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Queen's University
 

Centre for Teaching and Learning

Strategies for Teaching in Online Environments

Teaching Strategies

  • instructional design is critical
  • design it ahead of time and think through everything you are asking the students to do - and make sure it works
  • relax and have fun learning about the new experience
  • remember it takes time to develop a teaching style online
  • evaluate your course regularly
  • keep web pages up to date and current
  • the most important role you will have is as a cheerleader and motivator, as people tend to get very unmotivated in an online environment
  • be prepared
  • tools are secondary -- learning is critical
  • try to push the limits of what's possible, I know this advice doesn't solve practical problems but have to get beyond them
  • trying to replicate what you do in the regular classroom is pointless if not impossible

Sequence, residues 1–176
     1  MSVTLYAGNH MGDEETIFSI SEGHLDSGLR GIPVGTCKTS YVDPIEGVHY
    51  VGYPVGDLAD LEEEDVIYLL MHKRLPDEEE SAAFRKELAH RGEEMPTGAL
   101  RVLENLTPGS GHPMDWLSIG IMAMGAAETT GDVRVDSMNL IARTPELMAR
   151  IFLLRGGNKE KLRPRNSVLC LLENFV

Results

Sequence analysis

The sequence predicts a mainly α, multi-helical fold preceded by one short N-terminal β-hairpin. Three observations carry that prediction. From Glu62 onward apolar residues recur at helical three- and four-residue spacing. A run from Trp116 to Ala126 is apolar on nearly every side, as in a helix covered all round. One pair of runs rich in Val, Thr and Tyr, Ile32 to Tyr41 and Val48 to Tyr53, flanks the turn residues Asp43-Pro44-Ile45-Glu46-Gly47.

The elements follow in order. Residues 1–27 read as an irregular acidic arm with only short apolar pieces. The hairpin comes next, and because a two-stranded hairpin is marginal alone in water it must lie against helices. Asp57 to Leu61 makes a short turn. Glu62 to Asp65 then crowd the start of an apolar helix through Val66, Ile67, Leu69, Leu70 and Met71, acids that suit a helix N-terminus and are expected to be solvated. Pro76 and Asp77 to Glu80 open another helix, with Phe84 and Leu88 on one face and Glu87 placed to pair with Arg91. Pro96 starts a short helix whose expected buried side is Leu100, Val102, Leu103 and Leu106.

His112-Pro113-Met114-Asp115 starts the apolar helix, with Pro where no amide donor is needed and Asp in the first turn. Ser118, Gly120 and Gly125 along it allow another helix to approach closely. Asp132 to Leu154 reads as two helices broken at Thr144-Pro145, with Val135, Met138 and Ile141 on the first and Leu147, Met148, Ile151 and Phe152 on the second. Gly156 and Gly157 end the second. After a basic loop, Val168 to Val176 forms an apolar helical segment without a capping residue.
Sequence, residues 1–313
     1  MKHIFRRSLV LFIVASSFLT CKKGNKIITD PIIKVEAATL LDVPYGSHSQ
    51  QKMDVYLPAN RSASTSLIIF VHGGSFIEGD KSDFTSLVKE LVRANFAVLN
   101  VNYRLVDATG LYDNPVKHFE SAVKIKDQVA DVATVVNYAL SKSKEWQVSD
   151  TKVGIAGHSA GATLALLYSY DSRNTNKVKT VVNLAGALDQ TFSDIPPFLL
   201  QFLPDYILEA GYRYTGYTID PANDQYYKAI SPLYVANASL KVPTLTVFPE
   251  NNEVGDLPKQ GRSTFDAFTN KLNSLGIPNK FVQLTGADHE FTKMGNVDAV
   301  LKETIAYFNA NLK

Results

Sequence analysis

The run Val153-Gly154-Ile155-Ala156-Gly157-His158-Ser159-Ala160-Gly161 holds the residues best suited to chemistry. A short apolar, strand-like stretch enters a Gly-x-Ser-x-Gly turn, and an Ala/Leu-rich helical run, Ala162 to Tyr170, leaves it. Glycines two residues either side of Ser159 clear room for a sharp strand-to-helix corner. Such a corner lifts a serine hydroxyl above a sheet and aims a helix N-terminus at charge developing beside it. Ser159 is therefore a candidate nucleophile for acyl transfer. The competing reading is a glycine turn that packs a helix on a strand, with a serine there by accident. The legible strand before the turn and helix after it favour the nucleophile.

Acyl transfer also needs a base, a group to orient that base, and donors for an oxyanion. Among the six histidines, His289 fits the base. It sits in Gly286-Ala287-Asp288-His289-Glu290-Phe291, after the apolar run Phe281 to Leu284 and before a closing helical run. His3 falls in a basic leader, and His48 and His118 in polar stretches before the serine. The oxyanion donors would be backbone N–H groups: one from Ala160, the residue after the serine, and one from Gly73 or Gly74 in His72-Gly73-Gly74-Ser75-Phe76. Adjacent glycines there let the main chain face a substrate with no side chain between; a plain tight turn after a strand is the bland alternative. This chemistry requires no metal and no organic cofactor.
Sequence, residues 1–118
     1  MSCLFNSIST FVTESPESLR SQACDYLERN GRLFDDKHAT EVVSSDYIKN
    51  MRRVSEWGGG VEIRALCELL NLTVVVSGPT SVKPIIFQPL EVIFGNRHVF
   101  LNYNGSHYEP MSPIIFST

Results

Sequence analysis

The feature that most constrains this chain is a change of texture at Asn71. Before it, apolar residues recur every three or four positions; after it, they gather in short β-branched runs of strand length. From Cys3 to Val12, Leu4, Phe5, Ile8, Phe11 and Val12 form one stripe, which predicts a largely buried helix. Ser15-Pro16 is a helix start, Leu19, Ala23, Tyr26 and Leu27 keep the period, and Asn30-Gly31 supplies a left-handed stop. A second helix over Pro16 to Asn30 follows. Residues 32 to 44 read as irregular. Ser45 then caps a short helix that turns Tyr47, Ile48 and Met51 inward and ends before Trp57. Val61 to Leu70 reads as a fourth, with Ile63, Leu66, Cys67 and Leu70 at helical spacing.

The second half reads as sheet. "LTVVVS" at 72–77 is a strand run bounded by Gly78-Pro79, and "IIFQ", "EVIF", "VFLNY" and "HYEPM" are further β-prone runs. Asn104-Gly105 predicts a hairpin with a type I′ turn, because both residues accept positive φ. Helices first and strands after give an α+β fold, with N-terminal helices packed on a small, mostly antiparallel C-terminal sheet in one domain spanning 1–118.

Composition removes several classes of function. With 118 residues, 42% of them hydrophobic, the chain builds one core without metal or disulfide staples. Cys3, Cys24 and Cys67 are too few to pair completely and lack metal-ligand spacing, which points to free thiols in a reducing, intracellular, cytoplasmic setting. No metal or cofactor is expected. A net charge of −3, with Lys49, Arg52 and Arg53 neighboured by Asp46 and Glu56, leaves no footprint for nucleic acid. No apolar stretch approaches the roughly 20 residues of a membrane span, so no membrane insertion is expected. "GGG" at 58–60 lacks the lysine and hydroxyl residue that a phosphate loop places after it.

• make sure you know what you are getting into, expect to work harder than with any other course
  • try not to feel that you have to respond to every comment
  • use time-management strategies for online teaching and feedback

Engaging the Students

  • course development must be student friendly and where students are active participants rather than bystanders to learning
  • the same pace, content and approach will produce different results with different people
  • encourage mentoring relationships and learning communities
  • be explicit to students about the norms and grading
  • don't underestimate how much time students are spending online, doing readings, reading each others discussion and posting - think about the workload - and don't overload them

Technology Related Strategies

  • have students experiment more on the web so they aren't afraid of the technology
  • ensure that good technical support is in place
  • use the web once or twice a week purely for fun, that way you can become comfortable with the technology
  • keep track of any difficulties with the technology or course design
  • learn how to work effectively with students who are anxious about online learning and listen to and diffuse any concerns about the online learning process
  • campaign for more resources; e.g., improved access, adequate equipment, and technical support

Based on interview data collected by Denise Stockley and Vivian Rossner-Merrill

Kingston, Ontario, Canada. K7L 3N6. 613.533.2000